Liberian Immigration Officials Turn Back Henry Costa from Travelling to the United States
After leading several large peaceful protests against the Government of Liberia due to, as the Council of Patriots stated, poor governance, corruption, and a stagnant economy, one would think that President George Weah of Liberia would be overly anxious to rid the country of his most formidable critic – Mr. Henry Costa. Instead, according to reports coming from Monrovia, the Weah led government is preventing Mr. Costa from traveling citing issues with his travel documents.
Violations of the United Nations International Covenant on Civil and Political Rights
Article 13 (a) of Liberia’s constitutions states “Every person lawfully within the Republic shall have the right to move freely throughout Liberia…” Subsection (b) of Liberia’s constitution goes on to guarantee freedom of movement and states that “Every Liberian Citizen shall have the right to leave and to enter Liberia at any time.”
Unlike other countries including the United States, Israel, Saudi Arabia, and the United Kingdom, Liberia has no specific laws that regulate travel bans. Hence, human rights organizations are viewing Mr. Costa’s travel ban as a violation of his human and constitutional rights.
Additionally, human rights experts state the Government of Liberia is clearly violating Article 12 of the United Nations International Covenant on Civil and Political Rights (ICCPR), to which Liberia is a state party.
The ICCPR Article states that “everyone shall be free to leave any country including his own.” Hence, restrictions to this right must be provided by law and be “necessary to protect national security, public order, public health or morals or the rights and freedoms of others.”
However, these restrictions “must not nullify the principles of liberty of movement and are governed by the need for consistency with the other rights recognized in the covenant.”
Travel Restrictions and Harassment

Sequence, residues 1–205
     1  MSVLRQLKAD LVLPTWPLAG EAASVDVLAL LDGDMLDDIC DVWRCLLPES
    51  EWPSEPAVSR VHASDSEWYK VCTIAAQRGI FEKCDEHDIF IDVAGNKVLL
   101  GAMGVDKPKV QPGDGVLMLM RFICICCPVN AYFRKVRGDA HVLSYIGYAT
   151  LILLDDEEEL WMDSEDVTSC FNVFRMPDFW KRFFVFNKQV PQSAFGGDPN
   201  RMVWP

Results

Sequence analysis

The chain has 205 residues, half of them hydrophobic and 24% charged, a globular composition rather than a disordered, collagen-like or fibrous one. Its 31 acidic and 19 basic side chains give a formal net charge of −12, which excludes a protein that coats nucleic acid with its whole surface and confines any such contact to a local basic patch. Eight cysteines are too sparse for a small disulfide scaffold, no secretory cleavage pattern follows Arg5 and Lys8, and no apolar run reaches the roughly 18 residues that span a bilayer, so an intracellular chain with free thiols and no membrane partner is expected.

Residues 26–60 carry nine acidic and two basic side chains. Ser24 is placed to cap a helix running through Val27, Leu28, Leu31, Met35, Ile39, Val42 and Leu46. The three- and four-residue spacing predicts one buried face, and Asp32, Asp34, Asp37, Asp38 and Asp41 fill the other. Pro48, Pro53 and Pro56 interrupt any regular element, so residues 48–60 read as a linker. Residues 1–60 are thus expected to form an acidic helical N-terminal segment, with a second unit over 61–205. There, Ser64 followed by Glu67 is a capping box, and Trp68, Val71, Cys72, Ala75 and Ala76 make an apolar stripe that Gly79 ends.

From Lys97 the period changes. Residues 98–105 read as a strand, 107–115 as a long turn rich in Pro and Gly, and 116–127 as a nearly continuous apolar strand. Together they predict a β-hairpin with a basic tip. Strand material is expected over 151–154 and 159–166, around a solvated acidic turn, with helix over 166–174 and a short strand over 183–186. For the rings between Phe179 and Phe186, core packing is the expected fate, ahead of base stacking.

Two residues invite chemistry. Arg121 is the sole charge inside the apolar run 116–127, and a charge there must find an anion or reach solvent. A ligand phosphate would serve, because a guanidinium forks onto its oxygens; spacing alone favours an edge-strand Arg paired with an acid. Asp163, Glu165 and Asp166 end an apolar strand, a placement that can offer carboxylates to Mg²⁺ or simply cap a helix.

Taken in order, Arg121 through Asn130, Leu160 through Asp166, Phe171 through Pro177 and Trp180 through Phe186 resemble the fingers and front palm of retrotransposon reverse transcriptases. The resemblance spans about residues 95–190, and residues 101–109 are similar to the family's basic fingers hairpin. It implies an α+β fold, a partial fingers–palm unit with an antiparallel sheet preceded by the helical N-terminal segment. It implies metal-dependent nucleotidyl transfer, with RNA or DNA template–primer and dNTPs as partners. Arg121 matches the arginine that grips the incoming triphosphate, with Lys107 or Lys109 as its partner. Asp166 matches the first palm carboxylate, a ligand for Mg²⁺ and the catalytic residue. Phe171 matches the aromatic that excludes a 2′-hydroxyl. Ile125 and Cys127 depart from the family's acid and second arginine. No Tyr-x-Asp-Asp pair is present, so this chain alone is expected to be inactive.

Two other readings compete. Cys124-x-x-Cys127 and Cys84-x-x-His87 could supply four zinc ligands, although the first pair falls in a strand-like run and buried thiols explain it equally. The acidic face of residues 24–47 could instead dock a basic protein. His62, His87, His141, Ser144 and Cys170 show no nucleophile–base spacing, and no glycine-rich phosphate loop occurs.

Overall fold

Liberia’s quasi and discretionary policies against Mr. Henry Costa, who is viewed internationally as President Weah’s most vocal and vehement critic, runs counter to the principle endorsed by the UN Human Rights Committee, the body responsible with overseeing the ICCPR. Liberia cannot continue to violate the United Nations and other international laws to which the state is a party and expect international funding and support. Over the past two years, the United States has dramatically slashed foreign aid to Liberia by nearly 75% – down from around $368 per Liberian.
In 2011, the ICCPR stated that restricting the movement of journalists and others within or outside their country undermines the freedom of expression that is essential to protect human rights.
Liberia’s ad-hoc travel restriction policy against Henry Costa and other critics of President Weah goes contrary to international standards on restrictions on freedom of movement, including travel. Considering Mr. Costa has gained worldwide notoriety for his protests against President Weah, infringing upon his freedom of movement would only draw international ire against the Government of Liberia. In the next several weeks, the United States is poised to publish its report on human rights violations in Liberia. The 2019 report by the State Department is considered the most influential tool used by the international community to drive foreign assistance to underdeveloped countries.
After 2 successive quarters of declining GDP, one of the worst economic performance in the ECOWAS and Mano River regions, Liberia cannot afford to drive investors away by creating a dubious human right record due to its increasingly senseless and unjustifiable policies. President Weah may be best served by allowing his critics to leave the country rather than continue to draw international ire for what may be deemed as human rights violations.